Networks Moving Forward With Their Plan to Kill TV Comedy

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Get ready to laugh until you don't. In their increasing effort to parrot trends and kill whatever works with over-saturation -- never forget Who Wants to Be a Millionaire? -- television networks are stuffing their upcoming schedules with comedy pilots. According to a piece in the New York Times today, 40 comedy pilots are being produced this season, including 10 alone for Fox. Says Fox's entertainment president Kevin Reilly, "We're going to recommit." So, more Brothers?

Naturally this is just laughably stupid on multiple levels, not the least of which being that with the exception of CBS Mondays -- and really, just CBS shows produced by Chuck Lorre -- ABC's Modern Family and NBC's The Office, comedies don't have good ratings. Community -- a hilarious show and one of the new successes touted in the article -- barely cracks 5 million viewers per week. Maybe people watch comedies over dramas on Hulu, but on their couch, CSI: Wherever normally wins out.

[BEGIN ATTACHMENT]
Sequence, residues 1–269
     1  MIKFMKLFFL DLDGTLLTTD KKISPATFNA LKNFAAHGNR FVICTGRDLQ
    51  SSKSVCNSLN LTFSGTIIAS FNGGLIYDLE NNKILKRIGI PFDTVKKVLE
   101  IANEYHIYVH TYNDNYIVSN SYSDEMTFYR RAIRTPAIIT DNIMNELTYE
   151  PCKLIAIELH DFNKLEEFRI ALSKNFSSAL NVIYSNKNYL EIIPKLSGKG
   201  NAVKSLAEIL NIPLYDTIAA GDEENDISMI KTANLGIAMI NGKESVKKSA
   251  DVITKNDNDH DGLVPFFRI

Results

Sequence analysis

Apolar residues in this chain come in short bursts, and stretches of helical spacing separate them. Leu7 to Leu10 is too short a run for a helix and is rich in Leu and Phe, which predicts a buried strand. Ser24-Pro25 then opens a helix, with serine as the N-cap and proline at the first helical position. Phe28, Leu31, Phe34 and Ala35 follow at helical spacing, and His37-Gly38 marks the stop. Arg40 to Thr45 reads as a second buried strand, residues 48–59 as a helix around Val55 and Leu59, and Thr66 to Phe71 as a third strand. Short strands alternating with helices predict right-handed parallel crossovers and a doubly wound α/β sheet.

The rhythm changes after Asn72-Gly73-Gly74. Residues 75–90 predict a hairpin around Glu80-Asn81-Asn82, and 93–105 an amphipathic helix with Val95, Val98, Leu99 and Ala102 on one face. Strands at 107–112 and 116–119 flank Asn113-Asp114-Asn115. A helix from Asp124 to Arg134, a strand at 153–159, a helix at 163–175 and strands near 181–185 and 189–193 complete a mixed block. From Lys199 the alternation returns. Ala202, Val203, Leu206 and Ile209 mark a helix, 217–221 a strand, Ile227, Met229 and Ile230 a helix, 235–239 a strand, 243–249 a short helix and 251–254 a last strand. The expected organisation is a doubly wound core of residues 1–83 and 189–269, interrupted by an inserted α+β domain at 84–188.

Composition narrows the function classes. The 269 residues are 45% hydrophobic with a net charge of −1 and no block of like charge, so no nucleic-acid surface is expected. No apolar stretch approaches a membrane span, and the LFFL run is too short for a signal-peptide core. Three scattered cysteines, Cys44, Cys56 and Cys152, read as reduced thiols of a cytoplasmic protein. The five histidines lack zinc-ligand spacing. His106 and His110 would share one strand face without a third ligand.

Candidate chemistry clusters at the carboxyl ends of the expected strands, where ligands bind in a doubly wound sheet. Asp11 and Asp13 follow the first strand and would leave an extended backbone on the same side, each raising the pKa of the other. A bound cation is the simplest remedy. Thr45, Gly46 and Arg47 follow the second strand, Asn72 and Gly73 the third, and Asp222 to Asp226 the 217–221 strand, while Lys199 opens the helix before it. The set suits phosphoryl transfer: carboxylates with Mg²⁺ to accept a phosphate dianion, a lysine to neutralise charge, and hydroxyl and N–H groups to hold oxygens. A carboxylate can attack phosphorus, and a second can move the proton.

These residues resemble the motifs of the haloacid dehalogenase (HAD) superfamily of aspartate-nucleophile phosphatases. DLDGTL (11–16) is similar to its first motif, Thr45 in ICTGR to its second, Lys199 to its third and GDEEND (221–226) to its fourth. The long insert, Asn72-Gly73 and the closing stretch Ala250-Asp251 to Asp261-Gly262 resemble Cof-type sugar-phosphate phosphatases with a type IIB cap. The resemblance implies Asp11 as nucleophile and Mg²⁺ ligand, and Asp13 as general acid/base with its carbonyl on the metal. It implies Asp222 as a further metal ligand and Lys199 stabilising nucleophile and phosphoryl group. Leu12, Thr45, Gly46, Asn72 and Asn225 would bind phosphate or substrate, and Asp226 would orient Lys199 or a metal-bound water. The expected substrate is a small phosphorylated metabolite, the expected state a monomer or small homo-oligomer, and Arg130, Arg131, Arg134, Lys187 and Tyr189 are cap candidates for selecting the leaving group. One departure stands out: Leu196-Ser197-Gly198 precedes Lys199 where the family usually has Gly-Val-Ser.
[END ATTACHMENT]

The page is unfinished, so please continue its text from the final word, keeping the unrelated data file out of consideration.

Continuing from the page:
Worse though, there's the fact that networks haven't proved they have enough sustainable comedy ideas, no matter how many funny people they employ. Look no further than ABC. As entertainment president Stephen McPherson tells the Times, "We, the networks, drove comedy into the ground by being derivative." And with his network premiering the new James Burrows (Cheers) comedy, Romantically Challenged, later tonight -- critics hail it as "terrible," "stale," "robotically assembled from spare parts" -- it's certainly clear they've learned from those prior mistakes. Now where is that laugh track?

· In Bear Times, a Bull Market for Sitcoms [New York Times]